PHY 311, Autumn 2004
ISU Physics Teacher Education Program
Copyright 1998 Carl J. Wenning
There are a number of management styles that both parents and
teachers exhibit. There have been a number of psychological studies
of parenting styles that naturally would appear to extent to classroom
management styles for teachers. I hypothesize that such a relationship
exists. Classroom management styles of teachers can be characterized
along two dimensions (Baumrind, 1971): type of control exercised over students,
and degree of involvement of teachers with students. The extremes
of these two dimensions allow teacher management of students to
be readily identified.
Control can run the gambit from high in which teachers explicitly "lay down the law" and very strictly enforce it, to low in which the teachers have no rules and no expectations for their students. Involvement, likewise, can range from high to low. High involvement is characteristic of teachers who have high regard for students, likes students, enjoy being around students, and want to see students do their best. On the other hand, low involvement shows a real lack of both regard and concern for students.
The classroom management styles of teachers can be readily identified on the basis of both degree of control and level of involvement. The nature of each management style can be identified from the chart below.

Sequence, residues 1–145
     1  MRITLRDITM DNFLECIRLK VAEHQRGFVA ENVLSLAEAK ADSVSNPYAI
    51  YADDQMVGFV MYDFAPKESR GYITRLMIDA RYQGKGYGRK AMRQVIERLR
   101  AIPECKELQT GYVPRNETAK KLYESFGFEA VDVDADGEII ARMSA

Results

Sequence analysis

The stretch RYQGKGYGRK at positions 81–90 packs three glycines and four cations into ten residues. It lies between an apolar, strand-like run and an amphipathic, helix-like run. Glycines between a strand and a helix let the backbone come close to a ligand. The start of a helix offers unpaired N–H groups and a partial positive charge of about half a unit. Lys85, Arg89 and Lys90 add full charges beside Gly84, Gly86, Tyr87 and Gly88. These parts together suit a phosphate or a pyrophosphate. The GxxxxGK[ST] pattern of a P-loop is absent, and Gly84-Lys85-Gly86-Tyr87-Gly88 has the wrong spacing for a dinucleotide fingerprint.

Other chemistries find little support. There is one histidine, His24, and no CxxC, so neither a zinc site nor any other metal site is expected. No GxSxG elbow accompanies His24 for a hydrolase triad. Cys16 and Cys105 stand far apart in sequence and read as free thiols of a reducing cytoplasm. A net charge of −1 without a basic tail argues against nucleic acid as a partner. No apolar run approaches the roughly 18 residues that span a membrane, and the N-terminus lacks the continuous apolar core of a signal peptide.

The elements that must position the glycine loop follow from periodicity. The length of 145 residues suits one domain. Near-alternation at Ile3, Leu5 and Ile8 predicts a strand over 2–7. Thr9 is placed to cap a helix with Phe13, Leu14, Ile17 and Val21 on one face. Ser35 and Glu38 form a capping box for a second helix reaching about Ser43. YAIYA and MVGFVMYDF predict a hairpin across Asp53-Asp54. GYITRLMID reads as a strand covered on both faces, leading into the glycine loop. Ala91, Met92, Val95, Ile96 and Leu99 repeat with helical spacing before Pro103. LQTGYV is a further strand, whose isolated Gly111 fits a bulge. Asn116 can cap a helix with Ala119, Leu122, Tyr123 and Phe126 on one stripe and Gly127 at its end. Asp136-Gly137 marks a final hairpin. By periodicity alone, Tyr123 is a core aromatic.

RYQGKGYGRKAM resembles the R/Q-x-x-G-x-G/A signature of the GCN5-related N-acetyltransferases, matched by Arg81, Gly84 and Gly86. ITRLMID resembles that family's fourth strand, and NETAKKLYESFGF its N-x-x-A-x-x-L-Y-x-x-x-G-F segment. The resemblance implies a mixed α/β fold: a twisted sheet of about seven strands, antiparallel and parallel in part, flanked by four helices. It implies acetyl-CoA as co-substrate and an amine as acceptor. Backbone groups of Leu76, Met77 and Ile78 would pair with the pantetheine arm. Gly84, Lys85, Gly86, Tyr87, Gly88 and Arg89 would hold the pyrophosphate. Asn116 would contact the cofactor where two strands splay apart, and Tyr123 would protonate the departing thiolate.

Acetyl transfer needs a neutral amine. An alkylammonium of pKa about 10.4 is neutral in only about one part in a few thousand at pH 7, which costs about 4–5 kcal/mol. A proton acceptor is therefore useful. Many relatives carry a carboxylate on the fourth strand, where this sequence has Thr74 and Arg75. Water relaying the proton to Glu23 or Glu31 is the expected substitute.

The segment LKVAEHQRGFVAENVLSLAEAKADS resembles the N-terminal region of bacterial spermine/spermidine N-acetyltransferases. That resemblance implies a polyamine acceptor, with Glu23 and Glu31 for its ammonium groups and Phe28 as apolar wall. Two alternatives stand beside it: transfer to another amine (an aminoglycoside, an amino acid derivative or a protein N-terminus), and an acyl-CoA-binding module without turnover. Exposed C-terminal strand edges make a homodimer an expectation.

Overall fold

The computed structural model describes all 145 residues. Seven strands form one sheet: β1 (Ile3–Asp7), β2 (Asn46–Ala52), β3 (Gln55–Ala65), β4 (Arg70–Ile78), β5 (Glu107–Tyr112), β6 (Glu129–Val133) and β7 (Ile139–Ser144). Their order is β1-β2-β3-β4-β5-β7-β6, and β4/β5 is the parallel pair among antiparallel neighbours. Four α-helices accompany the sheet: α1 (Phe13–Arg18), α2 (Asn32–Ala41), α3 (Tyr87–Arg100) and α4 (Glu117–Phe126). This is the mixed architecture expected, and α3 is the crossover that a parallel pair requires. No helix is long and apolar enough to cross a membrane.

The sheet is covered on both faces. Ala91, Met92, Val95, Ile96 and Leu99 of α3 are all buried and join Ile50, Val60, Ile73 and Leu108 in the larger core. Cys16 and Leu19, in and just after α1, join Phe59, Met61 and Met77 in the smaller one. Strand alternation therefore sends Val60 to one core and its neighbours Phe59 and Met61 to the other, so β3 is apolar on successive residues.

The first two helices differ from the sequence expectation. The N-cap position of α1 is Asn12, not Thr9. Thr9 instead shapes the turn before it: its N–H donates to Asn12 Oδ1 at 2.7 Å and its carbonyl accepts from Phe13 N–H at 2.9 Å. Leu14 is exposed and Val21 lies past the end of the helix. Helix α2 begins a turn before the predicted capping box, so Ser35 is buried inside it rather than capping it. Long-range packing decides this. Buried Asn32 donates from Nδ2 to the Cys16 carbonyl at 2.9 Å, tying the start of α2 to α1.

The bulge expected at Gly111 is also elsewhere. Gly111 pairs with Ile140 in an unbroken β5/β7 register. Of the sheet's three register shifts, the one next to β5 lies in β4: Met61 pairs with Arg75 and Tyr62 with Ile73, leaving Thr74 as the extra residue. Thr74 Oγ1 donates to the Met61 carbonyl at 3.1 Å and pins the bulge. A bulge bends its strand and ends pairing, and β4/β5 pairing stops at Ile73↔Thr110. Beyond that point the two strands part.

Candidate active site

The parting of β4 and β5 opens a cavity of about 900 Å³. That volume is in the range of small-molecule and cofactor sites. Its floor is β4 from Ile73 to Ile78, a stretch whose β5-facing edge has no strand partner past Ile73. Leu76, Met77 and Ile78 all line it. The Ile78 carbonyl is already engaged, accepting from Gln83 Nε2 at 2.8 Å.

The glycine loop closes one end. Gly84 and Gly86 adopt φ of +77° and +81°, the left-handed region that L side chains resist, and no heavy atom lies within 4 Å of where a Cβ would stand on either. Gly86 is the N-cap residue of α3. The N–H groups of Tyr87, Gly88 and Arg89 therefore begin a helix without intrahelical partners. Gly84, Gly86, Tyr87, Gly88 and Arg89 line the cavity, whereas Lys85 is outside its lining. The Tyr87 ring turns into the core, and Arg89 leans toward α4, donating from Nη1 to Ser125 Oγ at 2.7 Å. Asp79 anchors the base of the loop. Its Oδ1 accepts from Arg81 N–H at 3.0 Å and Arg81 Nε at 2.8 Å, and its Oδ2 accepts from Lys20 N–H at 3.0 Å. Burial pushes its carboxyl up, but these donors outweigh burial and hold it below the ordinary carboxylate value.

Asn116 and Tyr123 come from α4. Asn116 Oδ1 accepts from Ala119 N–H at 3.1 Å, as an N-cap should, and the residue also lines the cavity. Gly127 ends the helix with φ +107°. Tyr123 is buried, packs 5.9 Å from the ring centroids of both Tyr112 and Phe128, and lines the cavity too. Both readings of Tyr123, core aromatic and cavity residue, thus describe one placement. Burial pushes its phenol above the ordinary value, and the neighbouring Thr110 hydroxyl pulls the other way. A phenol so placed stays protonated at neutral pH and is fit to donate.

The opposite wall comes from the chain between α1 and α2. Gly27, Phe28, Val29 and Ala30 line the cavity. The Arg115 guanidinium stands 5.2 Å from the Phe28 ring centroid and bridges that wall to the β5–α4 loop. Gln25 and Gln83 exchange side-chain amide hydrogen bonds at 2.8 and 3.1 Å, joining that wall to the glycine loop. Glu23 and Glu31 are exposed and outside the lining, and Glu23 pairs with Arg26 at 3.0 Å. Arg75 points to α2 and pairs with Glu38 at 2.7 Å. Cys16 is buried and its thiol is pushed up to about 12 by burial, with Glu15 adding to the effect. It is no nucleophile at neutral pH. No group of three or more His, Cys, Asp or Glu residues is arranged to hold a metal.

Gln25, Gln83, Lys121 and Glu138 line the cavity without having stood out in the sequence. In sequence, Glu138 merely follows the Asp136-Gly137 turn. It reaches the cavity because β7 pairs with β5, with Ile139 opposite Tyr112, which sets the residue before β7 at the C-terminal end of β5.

styles represent extremes, and most teachers demonstrate a certain
degree of inconsistency in their use of styles.
Research has shown that the type of management style used results in characteristic behaviors.
What sort of classroom management style will you exhibit once you begin teaching?
Which style is most consistent with your personality?
Would you feel comfortable with this style?
you work to achieve changes if you don't like what you see?
The ideas for this article were taken from: Baumrind, D. (1971). Current patterns of parental authority. Developmental Psychology Monographs, 4(1).
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